July 24, 2014

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Laundry: step one PDF Print E-mail
Tuesday, July 02, 2013 12:57 PM

Marly Mattson uses a yoke to carry buckets of water from the stream to the wash tub during the Children’s Living History Workshop at the Iron County Museum. This first step, during the June 24-26 program, helped participants understand what it was like to do laundry 100 years ago. See what else the youths experienced on page 2 of this week’s Reporter.
CASPIAN—During the Children’s Living History Workshop on June 24-26, children of various ages experienced life like it was 100 years ago.
Maggie Scheffer played the lead role in guiding the children in the adventurous three days.
On the first day, the children began their day with laundry duties. They carried buckets of water from the “stream,” which was a hose, using old-fashioned yokes. During that time, one child noticed holes in one of the buckets. The group sang “There’s a Hole in the Bucket” to figure out a method of patching the holes. Once the water was poured into the washtubs, the children scrubbed linens on a washboard with hand-made soap, put them through the wringer, rinsed and hung them up to dry.
Once laundry duties were done, it was time for the children to move into their cabin and grind wheat and rye into flour for the homemade bread they would be making. The bread would take two days to make, so they focused on the grinding and mixing on Monday.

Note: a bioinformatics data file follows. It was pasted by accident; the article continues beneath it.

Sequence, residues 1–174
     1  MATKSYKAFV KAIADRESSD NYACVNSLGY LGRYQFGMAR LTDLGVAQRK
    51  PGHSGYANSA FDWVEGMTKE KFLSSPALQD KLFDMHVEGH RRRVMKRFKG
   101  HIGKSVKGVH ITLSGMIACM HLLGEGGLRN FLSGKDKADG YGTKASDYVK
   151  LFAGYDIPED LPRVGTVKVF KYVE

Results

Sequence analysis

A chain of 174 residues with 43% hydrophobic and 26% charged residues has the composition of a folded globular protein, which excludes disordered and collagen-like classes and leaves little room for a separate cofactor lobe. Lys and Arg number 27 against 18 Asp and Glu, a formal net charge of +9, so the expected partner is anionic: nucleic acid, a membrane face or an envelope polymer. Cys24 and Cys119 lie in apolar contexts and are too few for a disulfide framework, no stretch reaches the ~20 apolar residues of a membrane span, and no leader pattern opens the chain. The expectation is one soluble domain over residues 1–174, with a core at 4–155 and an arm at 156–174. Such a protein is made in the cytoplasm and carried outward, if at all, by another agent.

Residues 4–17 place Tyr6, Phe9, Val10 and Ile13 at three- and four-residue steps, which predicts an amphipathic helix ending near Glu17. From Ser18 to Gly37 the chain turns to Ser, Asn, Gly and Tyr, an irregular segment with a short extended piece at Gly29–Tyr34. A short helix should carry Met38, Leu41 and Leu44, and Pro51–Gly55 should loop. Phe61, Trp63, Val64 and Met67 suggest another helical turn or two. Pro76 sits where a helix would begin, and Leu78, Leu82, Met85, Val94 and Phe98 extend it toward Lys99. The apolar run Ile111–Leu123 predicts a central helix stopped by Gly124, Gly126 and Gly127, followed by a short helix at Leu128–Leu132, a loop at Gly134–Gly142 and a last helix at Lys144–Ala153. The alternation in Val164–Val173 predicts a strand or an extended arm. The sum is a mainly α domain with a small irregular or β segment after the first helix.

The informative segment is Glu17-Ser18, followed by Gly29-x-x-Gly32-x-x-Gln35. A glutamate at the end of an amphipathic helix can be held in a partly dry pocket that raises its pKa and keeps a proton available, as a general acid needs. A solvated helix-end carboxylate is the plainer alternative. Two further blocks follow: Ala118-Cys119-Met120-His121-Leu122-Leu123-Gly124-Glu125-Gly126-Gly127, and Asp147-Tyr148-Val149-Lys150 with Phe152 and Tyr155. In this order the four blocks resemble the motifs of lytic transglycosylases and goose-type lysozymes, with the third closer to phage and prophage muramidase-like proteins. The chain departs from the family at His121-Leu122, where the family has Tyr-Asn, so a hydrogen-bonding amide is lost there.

After their hard work, Scheffer introduced the children to a little fun. She explained that the children 100 years ago did not have the option to go purchase toys, and most of them were handmade. She said that children, even then, didn’t work all day.
“All work and no play makes for a dull day,” she said.
A favorite then was marble play. Each child was given a ball of clay that they had to form into ten marbles and a shooter. Once formed, they were placed on the top shelf of a cook stove to dry out. They would learn popular marble games on Tuesday once the marbles were dry.
After the marbles, the children started their apple-head dolls, which would also take two days to create.
In between each task, Scheffer explained the different aspects of the cabin. The sink was known as a dry sink because of  its lack of plumbing. The wood stove was used for baking, cooking, melting candle wax and heating irons for linens.
Other activities the children participated in during the three day workshop were: ironing linens, making dip candles and more. Scheffer explained that the workshop consisted of work, creating things and play.